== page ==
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Discussion in 'Sports' started by Zodiac, Jul 10, 2006.
If it doesn't kill you.....yes.
Sometimes I feel like I died, but then I recover! The improvement gains over time are like a drug, I love how strong i feel after 2-3,000 miles ridden. Pedal Pedal Pedal!!!
There are *always* issues after a 1200 ride for most people. For me, last time it was severe numbness in both feet and I experienced severe tendinitis in my right ankle.
This time, I have numbness in my left hand from allowing it to press too hard against the left handlebar. I'll rotate the bars slightly lower to make it a little more comfortable.
Late last year, I switched shoes and obtained a pair of Shimano carbon-soled shoes that you bake-fit onto your feet. I still have a little numbness but it isn't nearly as bad as last time.
Best news, no tendinitis in either foot! That's huge for me! The difference is that I moved my seat forward ever so slightly and I think the shoes helped also.
Not too bad for a mid-50 year old!
Got out Sunday for a ride with my dogs in Vermont. Climbed the hill for 45 mins or so, and just as I crested the hill a black animal caught my eye, I could see its back 'galloping' from right peripheral to left, across the trail about 100 yes up. Caught me by surprise, and thinking it was a bear I stood next to my bike, arms in the air and called for my two labs trying to make as much noise as I could. Dead silence for 2-3 minutes, and just as I was about to continue I heard some pissed off man-ape type groan from where I saw the animal a few minutes prior. Good enough for me!! Turned back down the hill and cut the ride short. Never a peep out of either lab, but they've been known to ignore deer 50' off the trail so no real surprise.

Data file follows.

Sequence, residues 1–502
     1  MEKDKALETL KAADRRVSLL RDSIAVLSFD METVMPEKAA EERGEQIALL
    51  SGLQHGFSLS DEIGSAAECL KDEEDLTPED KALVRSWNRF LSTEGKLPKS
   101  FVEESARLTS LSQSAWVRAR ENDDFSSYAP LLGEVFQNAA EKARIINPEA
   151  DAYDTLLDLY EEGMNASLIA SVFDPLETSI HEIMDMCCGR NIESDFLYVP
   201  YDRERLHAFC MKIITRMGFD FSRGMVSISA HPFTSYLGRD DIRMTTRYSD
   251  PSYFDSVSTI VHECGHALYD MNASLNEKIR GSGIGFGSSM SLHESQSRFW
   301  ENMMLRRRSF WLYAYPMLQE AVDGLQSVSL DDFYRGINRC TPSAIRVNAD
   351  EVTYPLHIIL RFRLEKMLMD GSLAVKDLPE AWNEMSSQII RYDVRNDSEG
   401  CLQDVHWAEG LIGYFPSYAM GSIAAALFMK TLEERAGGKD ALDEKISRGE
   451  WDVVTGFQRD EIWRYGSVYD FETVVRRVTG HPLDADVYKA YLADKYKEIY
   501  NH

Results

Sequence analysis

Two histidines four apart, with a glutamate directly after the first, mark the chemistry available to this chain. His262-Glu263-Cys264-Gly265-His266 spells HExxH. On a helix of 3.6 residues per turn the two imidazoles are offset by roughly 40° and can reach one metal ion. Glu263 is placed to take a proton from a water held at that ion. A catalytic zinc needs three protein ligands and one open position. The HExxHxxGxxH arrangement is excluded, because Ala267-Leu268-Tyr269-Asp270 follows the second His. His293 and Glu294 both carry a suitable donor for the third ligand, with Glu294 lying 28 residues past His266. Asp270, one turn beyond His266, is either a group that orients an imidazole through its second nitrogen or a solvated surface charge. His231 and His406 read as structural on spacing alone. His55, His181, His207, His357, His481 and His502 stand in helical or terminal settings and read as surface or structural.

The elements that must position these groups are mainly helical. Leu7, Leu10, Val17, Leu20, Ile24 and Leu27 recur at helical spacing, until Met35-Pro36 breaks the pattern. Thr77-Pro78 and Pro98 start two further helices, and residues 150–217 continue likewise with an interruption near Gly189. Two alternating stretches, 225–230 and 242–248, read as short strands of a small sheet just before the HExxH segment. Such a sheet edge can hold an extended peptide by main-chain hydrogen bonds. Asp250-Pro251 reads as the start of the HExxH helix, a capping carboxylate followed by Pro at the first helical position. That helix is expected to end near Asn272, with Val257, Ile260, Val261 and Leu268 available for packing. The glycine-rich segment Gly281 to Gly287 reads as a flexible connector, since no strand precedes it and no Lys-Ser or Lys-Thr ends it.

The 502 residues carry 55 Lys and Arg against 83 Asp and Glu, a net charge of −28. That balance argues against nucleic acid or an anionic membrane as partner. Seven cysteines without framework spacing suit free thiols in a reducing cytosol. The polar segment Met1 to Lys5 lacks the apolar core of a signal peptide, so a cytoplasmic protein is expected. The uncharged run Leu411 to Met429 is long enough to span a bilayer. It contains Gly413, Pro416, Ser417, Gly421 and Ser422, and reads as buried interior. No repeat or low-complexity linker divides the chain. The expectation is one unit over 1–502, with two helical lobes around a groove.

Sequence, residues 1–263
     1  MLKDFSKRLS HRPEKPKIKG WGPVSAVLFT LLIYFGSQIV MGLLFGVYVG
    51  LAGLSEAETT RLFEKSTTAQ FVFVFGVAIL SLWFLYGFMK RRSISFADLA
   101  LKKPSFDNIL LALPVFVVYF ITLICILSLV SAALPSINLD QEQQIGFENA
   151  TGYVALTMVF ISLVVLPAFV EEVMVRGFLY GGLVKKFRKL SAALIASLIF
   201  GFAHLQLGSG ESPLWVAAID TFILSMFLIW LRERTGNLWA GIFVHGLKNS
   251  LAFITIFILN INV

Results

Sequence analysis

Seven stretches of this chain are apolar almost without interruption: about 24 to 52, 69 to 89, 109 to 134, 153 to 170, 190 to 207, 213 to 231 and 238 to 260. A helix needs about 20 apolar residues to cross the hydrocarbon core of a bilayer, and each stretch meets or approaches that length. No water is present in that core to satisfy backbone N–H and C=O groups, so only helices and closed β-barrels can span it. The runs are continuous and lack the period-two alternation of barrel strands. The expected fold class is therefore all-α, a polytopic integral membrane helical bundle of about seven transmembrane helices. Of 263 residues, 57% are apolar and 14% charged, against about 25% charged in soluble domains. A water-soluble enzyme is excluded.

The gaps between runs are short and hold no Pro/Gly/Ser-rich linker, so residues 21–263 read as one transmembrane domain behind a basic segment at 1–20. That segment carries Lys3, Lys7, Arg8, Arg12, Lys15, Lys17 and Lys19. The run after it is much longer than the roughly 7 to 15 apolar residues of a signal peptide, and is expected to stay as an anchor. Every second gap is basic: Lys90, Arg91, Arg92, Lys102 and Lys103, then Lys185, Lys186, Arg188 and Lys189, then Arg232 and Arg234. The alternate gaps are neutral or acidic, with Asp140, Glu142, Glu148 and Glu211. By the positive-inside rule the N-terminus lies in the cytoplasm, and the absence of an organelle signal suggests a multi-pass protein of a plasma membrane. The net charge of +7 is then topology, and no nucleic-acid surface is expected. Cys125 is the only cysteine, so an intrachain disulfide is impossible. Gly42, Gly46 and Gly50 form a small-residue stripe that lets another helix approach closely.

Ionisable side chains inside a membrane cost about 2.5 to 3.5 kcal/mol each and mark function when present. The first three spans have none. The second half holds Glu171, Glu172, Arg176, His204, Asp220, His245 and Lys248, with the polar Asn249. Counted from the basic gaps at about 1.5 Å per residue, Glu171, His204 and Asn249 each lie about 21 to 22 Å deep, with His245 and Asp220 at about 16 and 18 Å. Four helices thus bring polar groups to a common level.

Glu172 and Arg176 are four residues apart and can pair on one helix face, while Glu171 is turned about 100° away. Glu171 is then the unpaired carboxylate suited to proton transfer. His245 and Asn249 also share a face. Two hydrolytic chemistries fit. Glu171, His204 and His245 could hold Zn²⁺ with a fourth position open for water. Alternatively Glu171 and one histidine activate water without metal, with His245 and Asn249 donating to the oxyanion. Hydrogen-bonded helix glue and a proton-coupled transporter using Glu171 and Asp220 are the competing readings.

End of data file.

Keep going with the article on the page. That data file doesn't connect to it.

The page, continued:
Big like, Gerry. Numbness is tough for me, particularly my left hand.
What a day of riding yesterday. 108 miles and 9986 feet. It was in the mid 90s for much of the day. We climbed Mt. Hamilton and after the descent, my Garmin croaked when the battery ran out. This didn't record the joy that is Sierra Road. Here's a picture, not mine, not us. It does this for 3.7 miles. FML.
Hamilton wasn't much fun near the top, but I made it up and my head didn't explode.
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Best week riding I've had in a long time. Six rides for 163 miles. Not much compared to alot of folks posting but made me feel good . Yeah and enough with the double digit winds already.......
Only 14 more feet and it could've been epic. Good on ya for getting it done. That sounds like a helluva ride. Isn't it a bit early in the year for those temps?:eek1 I hope you got to enjoy a nice cooling breeze on the descent.
Last weekend was visiting time at my daughter's boarding school.
Loaded up the bikes and 110km away, left the mother ship to cycle behind
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For those thinking about discs on the road. (Read the last bit)
Except for those discs: :tb
"...we did not note any marked increase in braking power as compared to dual pivot rim calipers."
That says it all. Besides, how much braking force can those skinny tires road bikes are equipped with handle? Pumped up to 120 psi, there's not much of a contact patch there.
That applies to discs on cross bikes too. There's more brake than tire...
The Gaulzetti has road calipers on it. No 'long throw' there.
I think part of their problem is an out of true disc as well as inexperience with setting em up.